Driven by the hardening of regulatory frameworks and an increase in prevention techniques, significant improvements in plastic card fraud have been recorded in multiple markets across Europe.
For example, the Netherlands is a model of continued positive performance in plastic fraud reduction. However, we might still see the manifestation of new fraud types in this market in the coming years, according to a new FICO report.
As in previous years, card not present (CNP) fraud continues to drive losses in the vast majority of regions. However, the added dimension this year is that these losses are driven almost exclusively by data compromise and breaches.
Alongside card fraud, the most significant growing threat across Europe continues to be digital fraud and specifically, social engineering. In addition, money laundering via mule accounts remains a challenge for banks to overcome.
The growth of real-time payments across Europe facilitated by schemes such as SEPA CT Inst mean that criminals can take advantage of instant payments and move illicit funds quickly through accounts and out of reach of law enforcement. As the use of such schemes becomes ubiquitous across Europe, banks must take the appropriate measures to prevent further increases in this type of fraud.
The total fraud losses increased for the first time since 2015; however, this isn’t the full story. Despite the increase, the underlying reporting indicates that banks across Europe have stopped more fraud than ever before. So, what has driven the increase?
The primary driver for this increase is the ever-increasing threat and speed to cash-out caused by data compromises. 2018 saw an unprecedented increase in the impact and focus on data breaches – a trend that is continuing in 2019, with hundreds of millions in proposed fines already being levied.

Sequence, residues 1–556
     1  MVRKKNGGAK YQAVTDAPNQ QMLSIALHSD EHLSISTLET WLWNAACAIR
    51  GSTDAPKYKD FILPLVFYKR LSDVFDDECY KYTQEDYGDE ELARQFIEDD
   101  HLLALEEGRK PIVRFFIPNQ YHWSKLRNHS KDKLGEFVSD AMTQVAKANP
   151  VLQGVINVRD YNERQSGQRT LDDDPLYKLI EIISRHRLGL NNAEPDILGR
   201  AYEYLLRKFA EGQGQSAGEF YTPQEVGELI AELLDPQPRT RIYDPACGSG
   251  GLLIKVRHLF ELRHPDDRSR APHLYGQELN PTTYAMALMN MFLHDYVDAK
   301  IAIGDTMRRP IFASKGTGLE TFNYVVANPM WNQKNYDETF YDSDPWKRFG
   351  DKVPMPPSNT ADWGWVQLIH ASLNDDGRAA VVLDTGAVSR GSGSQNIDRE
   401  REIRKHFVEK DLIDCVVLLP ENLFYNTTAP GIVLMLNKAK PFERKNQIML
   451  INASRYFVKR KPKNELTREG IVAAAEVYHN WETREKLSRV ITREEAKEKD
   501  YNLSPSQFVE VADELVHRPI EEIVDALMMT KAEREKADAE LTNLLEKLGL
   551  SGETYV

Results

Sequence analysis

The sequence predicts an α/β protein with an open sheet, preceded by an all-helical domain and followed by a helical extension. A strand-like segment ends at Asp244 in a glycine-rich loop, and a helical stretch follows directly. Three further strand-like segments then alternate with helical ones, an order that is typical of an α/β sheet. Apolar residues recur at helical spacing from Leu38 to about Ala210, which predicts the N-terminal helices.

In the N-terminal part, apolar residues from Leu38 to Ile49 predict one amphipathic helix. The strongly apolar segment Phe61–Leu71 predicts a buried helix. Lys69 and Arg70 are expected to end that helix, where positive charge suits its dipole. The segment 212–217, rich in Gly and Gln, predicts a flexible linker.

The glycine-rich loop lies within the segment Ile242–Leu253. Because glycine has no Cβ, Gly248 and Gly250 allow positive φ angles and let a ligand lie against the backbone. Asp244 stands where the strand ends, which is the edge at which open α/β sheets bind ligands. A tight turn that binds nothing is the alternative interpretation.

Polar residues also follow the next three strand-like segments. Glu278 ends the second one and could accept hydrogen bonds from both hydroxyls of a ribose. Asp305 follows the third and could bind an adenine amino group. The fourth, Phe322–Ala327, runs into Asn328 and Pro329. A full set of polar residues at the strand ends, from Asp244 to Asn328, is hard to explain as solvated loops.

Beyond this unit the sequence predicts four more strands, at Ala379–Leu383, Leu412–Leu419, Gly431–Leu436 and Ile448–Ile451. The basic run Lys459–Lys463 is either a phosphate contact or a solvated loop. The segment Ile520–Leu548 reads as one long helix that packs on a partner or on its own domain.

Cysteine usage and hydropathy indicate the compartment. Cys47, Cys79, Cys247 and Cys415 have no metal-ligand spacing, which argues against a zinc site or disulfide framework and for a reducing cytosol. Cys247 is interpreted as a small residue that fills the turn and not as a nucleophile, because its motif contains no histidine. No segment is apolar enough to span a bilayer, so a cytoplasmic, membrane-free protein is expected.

Whilst banks are stopping more fraud than ever, the sheer volume of attempted fraud has grown exponentially. The new challenge facing the European markets is to identify compromise much quickly, and respond more effectively.
Compromise can only be identified faster and more accurately through data collaboration — such as with banks working together and sharing intelligence in order to identify and react before individual losses escalate.
Winners and losers
Reported reductions across Europe have left the UK as the clear outlier in this report, despite only having increased by 0.2 basis points since 2017.
This is an unfortunate position, and a bit misleading, as the UK has seen one of its best ever years in identifying and preventing fraud, with more value prevented than ever before. The UK saw a marked increase in the regularity and ferocity of data compromise events cashing out quickly to drive attack rates to a rate which has never been seen before.
Reporting across the EU is still being standardised through PSD2. We expect the picture to continue to evolve, but what is certain is that whilst the majority of focus is on plastics fraud and in particular, CNP, the main threat comes from digital fraud and scams, which continue to increase exponentially across all markets.
Fraud basis points is a standard measure of card fraud severity, and can show how a bank or a country compares to others. 1 basis point is equivalent to 1 cent per €100. It works the same in any currency and provides an indicator of the fraud-to-sales ratio.
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